Perry scoured the countryside when few others cared about 19th century artifacts, books and old paper. Those items were readily available and cheap. Now, in a time when hundreds line up at each stop of "Antiques Road Show," prices are high. The good stuff has been bought and sold and bought again.
When he died in 1981 at age 88, Perry left thousands of books. They filled his large, three-story house. There were books and maps, the life history of the Shenandoah Valley, West Virginia, the Civil War. It was a gold mine.
"You name it, it was there," says Len Shepherd of the Virginia Historical Society, which received more than 6,000 volumes from Perry's estate. "He had a catalog. We weren't able to figure out exactly how it worked, but you could understand his categories. Then he also had this elaborate numbering system. Clearly, he spent hours and hours on this stuff."
Another 2,000 books, including a complete set of the official record of the War of the Rebellion, went to the town library. The books form the core of the Thornton Tayloe Perry Room, a quiet sanctuary with carpet deep and soft as cotton. There are no clocks in the Perry room. Time doesn't matter. Large tables polished to a high gloss invite visitors to sit, read, spread out research papers. About 50 people from around the country call each month for help with local genealogy.
"They're usually astounded that a small West Virginia town would have this resource," says Lance, the pride in her voice unmistakable. "They just expect we're going to have a couple of books."
None of the books circulate. Lance knows human nature. If the books were loaned, she'd have to work like the devil to get them back. So, they stay here.
That's fine for Denise Alkire. She loves the Perry room. Sometimes she does genealogy research for people she has met online. Other times she just sits in the silence of this bibliophile's paradise and reads. There's always something new for a hungry mind.
"There are some books that probably nobody has opened, except him, and that's a shame," she says, fingering a century-old volume.
Downstairs, there's a glass display case with mementoes of Perry's life: a piece of V-2 shrapnel, old army photos, his pipe.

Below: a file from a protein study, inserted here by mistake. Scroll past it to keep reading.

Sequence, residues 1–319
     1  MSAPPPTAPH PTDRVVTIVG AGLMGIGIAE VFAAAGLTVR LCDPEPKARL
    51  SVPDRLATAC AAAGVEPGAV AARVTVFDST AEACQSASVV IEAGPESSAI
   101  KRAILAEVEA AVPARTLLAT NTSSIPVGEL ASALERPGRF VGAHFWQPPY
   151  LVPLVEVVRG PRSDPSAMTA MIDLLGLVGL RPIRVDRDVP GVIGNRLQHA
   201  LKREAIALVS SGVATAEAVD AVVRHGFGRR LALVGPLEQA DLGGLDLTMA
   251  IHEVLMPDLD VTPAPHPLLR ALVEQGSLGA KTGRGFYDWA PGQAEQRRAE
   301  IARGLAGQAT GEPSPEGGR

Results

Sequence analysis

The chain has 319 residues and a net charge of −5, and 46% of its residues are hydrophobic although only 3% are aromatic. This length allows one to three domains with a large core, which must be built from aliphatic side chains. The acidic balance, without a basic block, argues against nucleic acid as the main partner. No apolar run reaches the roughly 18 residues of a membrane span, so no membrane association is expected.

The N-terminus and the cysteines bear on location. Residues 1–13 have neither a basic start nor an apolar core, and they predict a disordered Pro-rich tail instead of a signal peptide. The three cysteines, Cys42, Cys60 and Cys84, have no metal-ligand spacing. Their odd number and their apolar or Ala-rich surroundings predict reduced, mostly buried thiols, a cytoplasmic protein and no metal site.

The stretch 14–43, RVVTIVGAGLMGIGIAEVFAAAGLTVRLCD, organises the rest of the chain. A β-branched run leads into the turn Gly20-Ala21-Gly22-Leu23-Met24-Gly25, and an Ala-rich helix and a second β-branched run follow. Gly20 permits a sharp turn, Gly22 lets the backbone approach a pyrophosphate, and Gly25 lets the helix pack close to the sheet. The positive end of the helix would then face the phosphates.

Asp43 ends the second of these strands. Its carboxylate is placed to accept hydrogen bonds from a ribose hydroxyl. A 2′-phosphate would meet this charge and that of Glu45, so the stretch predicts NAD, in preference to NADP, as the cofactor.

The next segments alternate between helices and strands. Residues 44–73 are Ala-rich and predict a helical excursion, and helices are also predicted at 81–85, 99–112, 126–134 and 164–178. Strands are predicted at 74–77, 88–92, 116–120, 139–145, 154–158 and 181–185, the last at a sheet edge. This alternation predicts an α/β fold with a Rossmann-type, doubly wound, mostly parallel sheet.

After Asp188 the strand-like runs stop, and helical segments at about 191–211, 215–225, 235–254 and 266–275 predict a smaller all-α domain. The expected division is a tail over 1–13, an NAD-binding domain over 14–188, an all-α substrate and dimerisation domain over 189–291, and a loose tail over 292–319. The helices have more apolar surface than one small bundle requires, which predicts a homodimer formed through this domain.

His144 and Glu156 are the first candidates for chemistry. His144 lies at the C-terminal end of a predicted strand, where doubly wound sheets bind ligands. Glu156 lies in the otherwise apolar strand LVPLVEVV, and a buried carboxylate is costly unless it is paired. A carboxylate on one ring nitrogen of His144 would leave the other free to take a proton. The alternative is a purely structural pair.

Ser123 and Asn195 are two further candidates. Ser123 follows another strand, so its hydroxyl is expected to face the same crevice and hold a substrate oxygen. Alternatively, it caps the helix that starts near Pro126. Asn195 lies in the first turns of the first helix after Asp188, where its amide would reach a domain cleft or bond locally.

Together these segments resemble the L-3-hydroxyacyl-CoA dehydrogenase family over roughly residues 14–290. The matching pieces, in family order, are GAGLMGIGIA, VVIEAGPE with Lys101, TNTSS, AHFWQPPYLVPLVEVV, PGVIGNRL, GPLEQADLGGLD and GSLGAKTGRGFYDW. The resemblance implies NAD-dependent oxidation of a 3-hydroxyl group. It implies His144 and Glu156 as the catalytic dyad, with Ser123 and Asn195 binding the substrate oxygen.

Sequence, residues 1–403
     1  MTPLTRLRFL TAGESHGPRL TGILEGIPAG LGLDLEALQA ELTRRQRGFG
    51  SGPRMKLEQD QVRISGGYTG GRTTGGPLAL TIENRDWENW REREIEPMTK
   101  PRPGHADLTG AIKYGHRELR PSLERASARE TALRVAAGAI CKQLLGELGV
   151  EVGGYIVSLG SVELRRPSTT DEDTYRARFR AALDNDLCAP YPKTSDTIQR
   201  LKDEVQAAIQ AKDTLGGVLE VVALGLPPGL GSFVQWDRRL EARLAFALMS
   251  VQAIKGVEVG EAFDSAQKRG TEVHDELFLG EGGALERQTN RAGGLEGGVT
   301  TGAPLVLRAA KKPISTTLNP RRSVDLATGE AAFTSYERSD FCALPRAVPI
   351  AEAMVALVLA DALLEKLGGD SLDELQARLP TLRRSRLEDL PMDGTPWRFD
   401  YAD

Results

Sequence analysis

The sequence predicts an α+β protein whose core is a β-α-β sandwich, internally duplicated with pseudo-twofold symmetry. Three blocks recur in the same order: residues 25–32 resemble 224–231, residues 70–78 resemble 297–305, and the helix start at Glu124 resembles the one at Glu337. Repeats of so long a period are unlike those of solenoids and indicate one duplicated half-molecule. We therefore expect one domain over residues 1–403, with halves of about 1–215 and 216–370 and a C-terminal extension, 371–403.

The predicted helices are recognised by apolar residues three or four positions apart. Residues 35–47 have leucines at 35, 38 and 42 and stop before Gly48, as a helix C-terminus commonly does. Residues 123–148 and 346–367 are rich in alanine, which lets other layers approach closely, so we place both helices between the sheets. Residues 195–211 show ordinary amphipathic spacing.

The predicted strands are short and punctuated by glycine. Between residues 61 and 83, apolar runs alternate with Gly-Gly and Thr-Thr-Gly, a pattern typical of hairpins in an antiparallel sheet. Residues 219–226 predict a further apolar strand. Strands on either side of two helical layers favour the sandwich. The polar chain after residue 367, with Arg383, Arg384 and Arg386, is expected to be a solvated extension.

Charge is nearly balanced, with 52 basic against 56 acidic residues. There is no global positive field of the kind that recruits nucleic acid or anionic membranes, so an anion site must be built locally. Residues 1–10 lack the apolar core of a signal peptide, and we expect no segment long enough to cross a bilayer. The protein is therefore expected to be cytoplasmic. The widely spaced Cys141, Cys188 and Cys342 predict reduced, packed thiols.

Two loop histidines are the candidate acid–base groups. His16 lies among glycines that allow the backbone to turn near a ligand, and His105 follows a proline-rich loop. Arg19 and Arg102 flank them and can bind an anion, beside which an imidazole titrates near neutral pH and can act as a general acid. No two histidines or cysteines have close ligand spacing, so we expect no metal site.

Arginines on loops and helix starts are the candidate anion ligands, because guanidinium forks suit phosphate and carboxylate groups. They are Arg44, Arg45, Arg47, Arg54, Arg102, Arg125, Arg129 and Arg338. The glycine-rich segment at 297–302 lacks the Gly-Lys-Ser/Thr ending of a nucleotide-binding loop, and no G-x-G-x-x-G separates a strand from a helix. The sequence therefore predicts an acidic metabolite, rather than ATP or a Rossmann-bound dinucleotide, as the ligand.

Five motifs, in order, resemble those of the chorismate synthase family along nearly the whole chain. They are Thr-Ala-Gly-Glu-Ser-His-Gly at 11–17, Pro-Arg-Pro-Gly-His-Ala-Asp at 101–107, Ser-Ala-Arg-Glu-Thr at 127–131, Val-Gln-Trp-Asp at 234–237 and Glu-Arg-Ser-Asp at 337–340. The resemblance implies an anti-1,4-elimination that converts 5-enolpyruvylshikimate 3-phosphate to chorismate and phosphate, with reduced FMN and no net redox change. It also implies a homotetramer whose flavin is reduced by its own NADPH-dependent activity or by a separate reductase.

"He was a very sociable person," says Crane. "I wouldn't call him eccentric at all, just interesting."
He kept a museum behind his house, open by appointment only. It remained largely untouched until his survivors decided to sell. Newcomer and company could barely get inside the building at first. Things were stacked almost to the ceiling. The auctioneers gave the family 17 boxes of personal items. The rest filled eight truckloads.
Now, it's is all up for sale: the Richmond rifle from the Confederate States of America, weighing 18 to 20 pounds, the signed pictures of Robert E. Lee and Nathan Bedford Forrest, the baseball signed by Lefty Grove. Everything.
"A lot of this stuff is going to be important to museums and libraries," says Newcomer. "This is stuff that you just can't get, you just can't find."
Mahala Doyle wrote one letter. There are only 10 known copies of a broadside issued in Charles Town two days before John Brown's execution. One is up for sale. Like the Doyle letter, it is a piece of history that offers a glimpse into the emotions of a distant time. The broadside told people to stay off the streets.
"What it illustrates is the kind of extreme paranoia that existed in the aftermath of [John Brown's] raid and how afraid people were that they were going to be descended upon by hordes of abolitionists," says Noble, of Harper's Ferry park.
Noble hopes he does not lose the Doyle letter. But if Mahala Doyle's heartfelt words end up in private hands, he is confident the letter won't be lost to the public. Deals are often worked out where items are loaned or donated.
Newcomer won't venture a guess on how much these items will bring at auction. All depends on the passions of the day, the money on hand. The fat years on Wall Street translate to deeper pockets for private buyers.
"That makes it tough for public institutions to compete for these things," says Noble, understandably cagey about the national park's bankroll. "We'll just have to see where the market goes."
What: "Americana at Auction"
When: Friday and Saturday, 9 a.m.
Where: York Fairgrounds,Carlisle Road (Pa. Route 74), York, Pa.